Army National Guard delivers supplies to Navajo Nation to help fight COVID-19
WINDOW ROCK, Ariz. — The Arizona Army National Guard delivered donated personal protective equipment (PPE) to the Navajo Nation April 4.
Navajo Nation President Jonathan Nez, Vice President Myron Lizer, and the Navajo Health Command Operations Center met with the Arizona Army National Guard State Surgeon Col. Tom Leeper, the U.S. Army Corps of Engineers, FEMA Region 9 officials, Team Rubicon and the Chinle Comprehensive Healthcare Facility Incident Command team April 4 to receive the (PPE) in Chinle.
Items received will be sorted and delivered to surrounding medical facilities for health care workers to use in the fight against the spread of COVID-19. The items were donated from various businesses in the Phoenix area.
“We don't have the best health care on the Navajo Nation, but we are stepping up to get as much equipment as possible to help those on the frontlines. As the first people of this country, we should not be the last to get equipment. We thank all of the businesses who contributed to help our health care workers," Nez said. "We just have to constantly remind our federal and state partners that we are still here! We are resilient just like our ancestors and we will continue to prosper long after this pandemic is over.”
Leaders also met with the Chinle Comprehensive Healthcare Facility Incident Command team, to discuss strategies to mitigate the surge in new COVID-19 cases and to increase staffing for the federal medical station.
The U.S. Army Corps of Engineers will complete a rapid risk assessment on potential sites in the coming days in Chinle and Kayenta, then provide recommendations on which facility best meet the needs and standards, according to the healthcare guidelines and health experts. The establishment of these medical stations will likely shelter patients who test positive for COVID-19, who show less severe symptoms, to isolate the virus and prevent it from spreading.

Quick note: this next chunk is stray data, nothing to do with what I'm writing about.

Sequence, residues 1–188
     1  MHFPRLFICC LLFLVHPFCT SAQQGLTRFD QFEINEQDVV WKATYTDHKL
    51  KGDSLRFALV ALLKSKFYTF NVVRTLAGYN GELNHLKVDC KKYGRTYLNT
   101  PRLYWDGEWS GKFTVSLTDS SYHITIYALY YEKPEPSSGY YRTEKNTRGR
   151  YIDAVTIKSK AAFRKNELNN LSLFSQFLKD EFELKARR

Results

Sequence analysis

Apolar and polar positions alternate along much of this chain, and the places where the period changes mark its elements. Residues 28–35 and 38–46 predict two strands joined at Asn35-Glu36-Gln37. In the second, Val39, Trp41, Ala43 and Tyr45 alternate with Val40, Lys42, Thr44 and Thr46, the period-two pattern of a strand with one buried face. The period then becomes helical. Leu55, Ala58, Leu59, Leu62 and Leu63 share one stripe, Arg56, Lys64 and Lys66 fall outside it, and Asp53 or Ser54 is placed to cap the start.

“We haven’t nearly reached the peak of the virus — that’s what our health care experts are telling us. So, we need to be proactive and do everything we can to prepare for the worse, but pray and hope for the best. We thank everyone who is working around the clock and behind the scenes to help our Navajo people,” Lizer said.
More supplies will continue to be delivered by the National Guard, as first responders continue to fight COVID-19 on the frontlines. The Nez-Lizer team said it will continue to pray for everyone, including health care providers and first responders, who are doing their best to provide resources and services to our Navajo citizens. A Public Health Emergency “Stay at Home Order” remains in effect requiring all residents of the Navajo Nation to stay home and isolate 24 hours a day, seven days a week, except for essential work and activities.
The Navajo Nation’s daily curfew also remains in effect from 8 p.m. to 5 a.m. The curfew does not apply to essential employees reporting to or from duty, with official identification and/or a letter of designation from their essential business employer on official letterhead which includes a contact for verification.
Radio forums from the president and vice president are also scheduled for Tuesdays and Thursdays at 6 p.m. on KTNN 660AM and 101.5FM.
More information including reports, helpful prevention tips, and more resources is available from the Navajo Department of Health at http://www.ndoh.navajo-nsn.gov/COVID-19.